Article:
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The Most Active Meteor Shower of the Year Peaks Tonight. Here's How to See It.

There is no meteor shower in 2018 that will light up the sky more brilliantly than December's Geminid meteor shower. Yes, there are showers that are arguably better because they have plenty of meteors and land in a warm month -- like the Perseids -- but there isn't a shower that can rival the number of meteors the Geminids will cast across the sky. For that reason, it's an absolute must-see for stargazers.

The Geminids will peak the night of Thursday, December 13 through the morning of Friday, December 14 with between 120 and 160 meteors per hour, according to Bill Cooke of NASA's Meteoroid Environment Office. Despite the frigid temperatures you'll have to endure, the Geminids can put on a breathtaking show with its bright meteors flashing above up to twice per minute. 

While the Geminids reach peak this week, the meteor shower is active in early December each year, when Earth passes through a trail of debris shed by a rocky space object named 3200 Phaethon, according to NASA. The dusty debris from the object burns up as it plummets through Earth's atmosphere, resulting in the spectacular meteor shower. The origin of 3200 Phaethon, however, isn't 100% clear.

"Phaethon’s nature is debated. It’s either a near-Earth asteroid or an extinct comet, sometimes called a rock comet," the space agency said in a blog post. "There is another object -- an Apollo asteroid named 2005 UD -- that is in a dynamically similar orbit to Phaethon, prompting speculation that the two were once part of a larger body that split apart or collided with another asteroid."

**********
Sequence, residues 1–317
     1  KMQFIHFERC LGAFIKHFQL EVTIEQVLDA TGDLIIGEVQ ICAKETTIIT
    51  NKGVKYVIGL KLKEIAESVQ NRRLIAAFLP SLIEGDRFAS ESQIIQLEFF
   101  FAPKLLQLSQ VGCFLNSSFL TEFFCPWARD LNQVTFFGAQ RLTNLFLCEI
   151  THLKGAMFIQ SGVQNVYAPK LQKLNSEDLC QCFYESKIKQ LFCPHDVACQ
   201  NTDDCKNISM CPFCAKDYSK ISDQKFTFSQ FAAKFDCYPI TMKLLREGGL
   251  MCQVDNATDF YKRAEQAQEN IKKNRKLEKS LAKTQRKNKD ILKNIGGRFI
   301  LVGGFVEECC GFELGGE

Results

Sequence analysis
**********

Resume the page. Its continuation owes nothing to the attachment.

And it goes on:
When will the Geminid meteor shower peak tonight?

Although you'll be able to see meteors as early as 9pm on Thursday night, the display won't be at its peak at that point and the moon will block out many meteors until later in the night. The best time to see the show will be around 2am local time on Friday, according to Cooke. 

"The moon will be first quarter," Cooke told Space.com. "So it will set around midnight; there will be no moonlight to interfere with the Geminids this year." That's good news because the moon is capable of making a meteor shower all but disappear, as it did with this year's Leonids in November. 

Where will the Geminid meteor shower be visible?

For the best view, you'll need to head toward dark skies, far from the light pollution of urban centers and suburban sprawl. If you can't see major constellations where you're standing, chances are you'll have a hard time seeing many meteors. The darkness is necessary to see the meteors, though it can take 20 to 30 minutes for your eyes to fully adjust to the dark once you get to your destination. That said, it would behoove you to arrive a little early and get situated. 

"The actual number [of visible meteors] for folks out in the dark countryside will be slightly more than 1 per minute," according to the NASA blog post. "Folks in suburbs will see fewer, 30 to 40 per hour depending on the lighting conditions. And those downtown in major cities will see practically nothing -- even though the Geminids are rich in beautiful green fireballs, the lights of New York, San Francisco, or Atlanta will blot even them out. Dark clear skies are the most important ingredient in observing meteor showers."